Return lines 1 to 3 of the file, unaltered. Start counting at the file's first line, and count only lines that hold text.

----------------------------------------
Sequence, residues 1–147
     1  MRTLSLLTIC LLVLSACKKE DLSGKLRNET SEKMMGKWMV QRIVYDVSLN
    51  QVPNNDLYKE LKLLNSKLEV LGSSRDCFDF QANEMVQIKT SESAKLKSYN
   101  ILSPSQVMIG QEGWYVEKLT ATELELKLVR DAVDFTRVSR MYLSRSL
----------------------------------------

Sequence, residues 1–147
     1  MRTLSLLTIC LLVLSACKKE DLSGKLRNET SEKMMGKWMV QRIVYDVSLN
    51  QVPNNDLYKE LKLLNSKLEV LGSSRDCFDF QANEMVQIKT SESAKLKSYN